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I love all of the awful advice Finn receives from Jake and Marceline and all the attempts he goes through to get PB’s attention, as well as just how far he’s willing to take it to do so. Jake and Marcy’s bickering and Finn’s general lack of experience with women is very sitcom-y, but hey, that doesn’t necessarily have to be a bad thing. I’d much rather watch these characters try to find a date for movie night than say, the cast of Full House, Saved by the Bell, or some other corny 90’s sitcom.

Like I said, it’s just really enjoyable to watch Finn and Marcy work off of each other. They’re two cool people who much rather enjoy having fun and enjoying life than feeling obligated to do what everyone else is doing. Finn learns an important life lesson in this episode: that he should follow what he wants to do rather than what society and social norms suggest. Finn probably would’ve been better off if he had just taken a blanket or duck to begin with, but hey, at least he got to spend the night with a good friend. Marceline taught him that valuable lesson, and she helped him to focus on excitement and livelihood in the end. It’s one relationship I never get tired of watching.

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Favorite line: “Naw, he just needs some spaghetti.”

 

 

“Susan Strong” Review

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Original Airdate: March 7, 2011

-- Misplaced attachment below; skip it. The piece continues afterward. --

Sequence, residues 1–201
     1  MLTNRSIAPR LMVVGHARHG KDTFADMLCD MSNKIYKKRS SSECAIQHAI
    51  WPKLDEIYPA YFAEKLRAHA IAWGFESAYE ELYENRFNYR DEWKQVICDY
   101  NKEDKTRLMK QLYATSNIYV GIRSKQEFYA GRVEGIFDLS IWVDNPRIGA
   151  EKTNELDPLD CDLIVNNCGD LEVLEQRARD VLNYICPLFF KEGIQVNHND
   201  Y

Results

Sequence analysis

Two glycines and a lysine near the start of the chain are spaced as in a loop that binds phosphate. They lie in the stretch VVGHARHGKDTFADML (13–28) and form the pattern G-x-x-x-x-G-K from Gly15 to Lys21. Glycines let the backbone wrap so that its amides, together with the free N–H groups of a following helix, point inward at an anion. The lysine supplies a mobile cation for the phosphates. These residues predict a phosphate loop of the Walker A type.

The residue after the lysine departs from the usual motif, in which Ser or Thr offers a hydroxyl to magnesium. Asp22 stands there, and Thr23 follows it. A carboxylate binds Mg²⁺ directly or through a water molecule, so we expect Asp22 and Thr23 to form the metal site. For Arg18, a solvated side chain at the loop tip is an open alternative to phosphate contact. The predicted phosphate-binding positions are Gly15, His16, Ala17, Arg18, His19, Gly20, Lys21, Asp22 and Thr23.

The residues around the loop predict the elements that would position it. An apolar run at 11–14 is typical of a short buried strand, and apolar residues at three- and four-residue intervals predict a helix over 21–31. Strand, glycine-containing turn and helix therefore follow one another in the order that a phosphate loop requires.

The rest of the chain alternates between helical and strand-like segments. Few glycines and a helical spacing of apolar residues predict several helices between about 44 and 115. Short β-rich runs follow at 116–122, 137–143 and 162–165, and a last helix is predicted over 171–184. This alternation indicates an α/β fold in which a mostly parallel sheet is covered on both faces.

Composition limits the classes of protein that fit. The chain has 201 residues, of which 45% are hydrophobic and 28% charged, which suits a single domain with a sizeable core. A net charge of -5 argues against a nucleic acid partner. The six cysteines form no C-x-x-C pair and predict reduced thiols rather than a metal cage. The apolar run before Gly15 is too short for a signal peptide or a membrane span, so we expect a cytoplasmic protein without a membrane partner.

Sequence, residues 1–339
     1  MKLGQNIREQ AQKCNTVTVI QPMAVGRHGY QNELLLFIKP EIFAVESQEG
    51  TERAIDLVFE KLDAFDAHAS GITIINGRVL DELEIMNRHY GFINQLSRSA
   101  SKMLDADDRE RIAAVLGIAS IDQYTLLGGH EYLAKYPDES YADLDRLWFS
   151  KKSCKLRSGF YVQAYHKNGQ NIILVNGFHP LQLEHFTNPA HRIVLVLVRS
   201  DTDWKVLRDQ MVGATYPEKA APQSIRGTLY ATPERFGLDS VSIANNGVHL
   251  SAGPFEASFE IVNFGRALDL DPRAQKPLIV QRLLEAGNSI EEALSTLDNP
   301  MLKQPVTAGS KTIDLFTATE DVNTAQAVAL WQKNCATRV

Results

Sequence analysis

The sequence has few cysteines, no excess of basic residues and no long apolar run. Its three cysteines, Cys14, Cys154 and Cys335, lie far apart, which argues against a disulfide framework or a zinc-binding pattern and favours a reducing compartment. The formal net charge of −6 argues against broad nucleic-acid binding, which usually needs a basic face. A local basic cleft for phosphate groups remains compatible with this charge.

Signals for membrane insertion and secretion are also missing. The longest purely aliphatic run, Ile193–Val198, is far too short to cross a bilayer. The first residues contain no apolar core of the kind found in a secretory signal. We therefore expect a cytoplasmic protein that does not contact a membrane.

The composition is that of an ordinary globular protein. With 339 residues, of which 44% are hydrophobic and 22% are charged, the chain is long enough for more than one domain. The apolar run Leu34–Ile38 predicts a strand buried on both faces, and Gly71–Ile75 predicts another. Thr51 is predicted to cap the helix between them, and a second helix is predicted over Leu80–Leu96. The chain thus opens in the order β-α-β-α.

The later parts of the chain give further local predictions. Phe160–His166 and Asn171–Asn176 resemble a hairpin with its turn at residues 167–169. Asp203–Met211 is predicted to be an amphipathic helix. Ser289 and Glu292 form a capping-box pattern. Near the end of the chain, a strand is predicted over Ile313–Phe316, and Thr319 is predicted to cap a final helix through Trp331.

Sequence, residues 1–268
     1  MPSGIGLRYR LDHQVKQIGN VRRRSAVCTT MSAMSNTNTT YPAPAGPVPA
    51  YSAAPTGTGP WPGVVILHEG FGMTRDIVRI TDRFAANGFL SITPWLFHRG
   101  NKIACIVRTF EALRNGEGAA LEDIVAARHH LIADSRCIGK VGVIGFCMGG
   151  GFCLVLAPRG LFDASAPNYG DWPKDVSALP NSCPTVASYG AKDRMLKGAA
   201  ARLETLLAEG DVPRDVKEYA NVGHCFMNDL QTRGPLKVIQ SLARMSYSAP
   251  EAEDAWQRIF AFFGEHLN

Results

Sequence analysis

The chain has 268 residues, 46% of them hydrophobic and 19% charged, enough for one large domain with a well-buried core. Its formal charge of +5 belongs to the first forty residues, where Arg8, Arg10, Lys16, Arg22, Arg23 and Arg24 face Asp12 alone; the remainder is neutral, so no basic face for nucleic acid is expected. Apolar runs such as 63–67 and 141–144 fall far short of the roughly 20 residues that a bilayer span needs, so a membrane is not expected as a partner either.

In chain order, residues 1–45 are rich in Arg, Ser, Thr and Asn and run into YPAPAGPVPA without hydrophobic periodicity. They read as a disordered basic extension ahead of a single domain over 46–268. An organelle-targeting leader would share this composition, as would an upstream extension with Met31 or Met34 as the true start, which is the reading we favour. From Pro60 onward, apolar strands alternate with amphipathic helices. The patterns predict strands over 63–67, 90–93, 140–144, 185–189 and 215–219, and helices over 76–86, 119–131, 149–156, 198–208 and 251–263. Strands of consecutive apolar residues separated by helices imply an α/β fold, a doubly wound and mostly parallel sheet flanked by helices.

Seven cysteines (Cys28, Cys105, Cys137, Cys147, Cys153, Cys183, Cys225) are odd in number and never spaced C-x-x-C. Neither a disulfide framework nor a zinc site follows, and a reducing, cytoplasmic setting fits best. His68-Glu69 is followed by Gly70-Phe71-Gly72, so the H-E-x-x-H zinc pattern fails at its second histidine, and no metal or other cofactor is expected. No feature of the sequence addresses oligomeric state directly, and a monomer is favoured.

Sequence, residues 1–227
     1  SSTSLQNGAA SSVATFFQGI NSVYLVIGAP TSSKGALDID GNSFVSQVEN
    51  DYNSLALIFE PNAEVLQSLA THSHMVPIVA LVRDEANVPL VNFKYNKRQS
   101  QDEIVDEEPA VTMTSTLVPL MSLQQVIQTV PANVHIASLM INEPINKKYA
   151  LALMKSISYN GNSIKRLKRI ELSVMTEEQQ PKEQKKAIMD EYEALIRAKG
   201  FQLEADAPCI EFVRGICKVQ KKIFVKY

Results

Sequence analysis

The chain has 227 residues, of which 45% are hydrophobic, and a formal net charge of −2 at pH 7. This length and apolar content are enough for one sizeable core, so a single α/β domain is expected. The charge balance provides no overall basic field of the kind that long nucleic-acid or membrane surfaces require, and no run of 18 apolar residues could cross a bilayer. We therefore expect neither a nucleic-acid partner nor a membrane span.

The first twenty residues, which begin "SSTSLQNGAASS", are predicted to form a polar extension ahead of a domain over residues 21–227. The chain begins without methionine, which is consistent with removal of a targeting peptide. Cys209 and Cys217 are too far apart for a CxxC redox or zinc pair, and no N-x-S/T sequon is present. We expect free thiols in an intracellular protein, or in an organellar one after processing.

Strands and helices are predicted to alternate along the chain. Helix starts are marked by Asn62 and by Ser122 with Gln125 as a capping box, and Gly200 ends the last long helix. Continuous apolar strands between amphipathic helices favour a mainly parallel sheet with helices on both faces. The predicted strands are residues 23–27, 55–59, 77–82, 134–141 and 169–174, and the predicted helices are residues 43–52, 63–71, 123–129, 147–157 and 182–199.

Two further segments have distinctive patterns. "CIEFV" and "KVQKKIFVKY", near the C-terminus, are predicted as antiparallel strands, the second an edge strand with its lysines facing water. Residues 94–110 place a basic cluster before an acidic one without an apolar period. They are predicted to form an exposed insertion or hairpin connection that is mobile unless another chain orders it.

Written & Storyboarded by: Rebecca Sugar & Adam Muto

Finn “the Human” has been nothing more but a descriptive title for the first handful of episodes. Upon first watching up to this point as a thirteen-year-old, I didn’t quite yet grasp the connections to the apocalypse and lack humans within the world of Ooo. Her Parents alludes to the idea that humans are of a rare species, but still treated the topic as if it was simply brushing it off. Susan Strong, on the other hand, is the first direct mention that Finn is indeed the last known remaining human in Ooo. Finn is certainly the easiest for the audience to connect to, as he is the only major human character, and while we are able to easily relate to him, his lack of understanding of his own culture is what causes him great uncertainty and a difficulty to be able to connect with the world Ooo.

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Of course, Finn has a terrific support system of friends and family, but the idea of never knowing his own heritage or culture surely must be a burden for him. So when Finn comes across a tribe of alleged humans, it’s no doubt that he’s ecstatic to be able to make that connection with his own kind, especially a bystander he appropriately names “Susan Strong.” Susan’s broken dialogue (which the AT staff has deemed “Somvilayism”) can be a bit grating at times, but her introduction as a character is pretty adorable. She’s reacting practically how anyone who is just discovering the world would act, much like a baby, and just enjoying every second of it. Or being afraid, which is a perfectly natural (and sometimes hilarious) reaction too.